Directed by Ben Stiller
Written by Steve Conrad
Starring Ben Stiller, Kristen Wiig, Adam Scott, Sean Penn
Ben Stiller’s ‘The Secret Life of Walter Mitty,’ the second film adaptation of James Thurber’s 1947 short story, ponders whether a life kept secret can be fulfilling.
Stiller’s Walter Mitty is a reserved “Life Magazine” employee who works in the bowels of the Time Inc. building developing photo negatives, many of them shot by globetrotting adventurer/photographer Sean O’Connell (Sean Penn). Walter’s adventures, meanwhile, take place only in his mind. He is frequently given to elaborate, exciting fantasies—which render him unresponsive and zoned out in public, leaving family and coworkers to wonder where his head is at.
Walter reaches a breaking point when two crises converge: a corporate takeover that will imminently move Life Magazine solely online, eliminating numerous jobs, and his increasingly frustrating unrequited crush on his coworker, Cheryl (Kristen Wiig). Too inhibited to talk to Cheryl in person, Walter tries to contact her over eHarmony instead, even though he sees her at work every day. But when a technical glitch prevents him from sending Cheryl a “wink,” Walter calls eHarmony for help. Todd, a jovial tech support operator (Patton Oswalt), advises Walter over the phone that, before reaching out to Cheryl, he should flesh out the currently empty “Been There, Done That” section of his profile, detailing some of his life experiences. (So far, Walter tells Todd, he has been to Phoenix. Also Nashville, but that was just the airport on the way to Phoenix.) And then Walter learns that the pitiless, condescending, and overly bearded head of the new corporate transition team (Adam Scott) intends to use a Sean O’Connell film slide that has gone missing on Walter’s watch as the final Life Magazine cover. So Walter runs off to Greenland in pursuit of Sean, hoping to recover the photograph before anyone knows it is missing, save his job, and flesh out the “Been There, Done That” section of his eHarmony profile.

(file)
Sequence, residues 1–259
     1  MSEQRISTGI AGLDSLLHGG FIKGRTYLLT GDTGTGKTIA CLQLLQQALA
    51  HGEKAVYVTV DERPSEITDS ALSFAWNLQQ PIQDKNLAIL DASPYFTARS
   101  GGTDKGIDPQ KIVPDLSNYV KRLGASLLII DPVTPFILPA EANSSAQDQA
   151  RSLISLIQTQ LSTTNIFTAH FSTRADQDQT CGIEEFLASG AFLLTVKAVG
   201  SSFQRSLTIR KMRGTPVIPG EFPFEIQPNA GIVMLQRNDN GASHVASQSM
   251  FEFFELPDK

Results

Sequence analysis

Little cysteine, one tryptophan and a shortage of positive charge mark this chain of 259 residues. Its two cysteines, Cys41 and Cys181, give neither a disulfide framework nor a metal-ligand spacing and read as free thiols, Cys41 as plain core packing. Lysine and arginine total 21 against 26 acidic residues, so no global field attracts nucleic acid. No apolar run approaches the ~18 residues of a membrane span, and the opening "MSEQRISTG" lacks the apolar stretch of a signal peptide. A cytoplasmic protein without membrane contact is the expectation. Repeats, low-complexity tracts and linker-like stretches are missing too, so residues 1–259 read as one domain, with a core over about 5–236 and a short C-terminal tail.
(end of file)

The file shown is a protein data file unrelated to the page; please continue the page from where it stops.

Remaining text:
One of the things that makes the film feel fresh is its contrarian assertion that imagination, however boundless and vivid, can be taken too far and relied upon too much, limiting the scope of a person’s real life. The film gradually demonstrates that Walter’s boundless imagination is the most counterproductive aspect of his psyche. In his fantasies, Walter sweeps Cheryl off her feet as a dashing, Hispanic-accented arctic explorer, and uses superhuman-strength to battle his bearded corporate overlord in the streets and along rooftops. But by settling for such fantasies, Walter prevents himself from, say, making a move on Cheryl, or standing up to his noxious new boss. His fantasy accomplishments preclude any real ones. Only by having actual experiences, as Todd suggest, can he learn to stop distancing himself from real life experience and make human connections.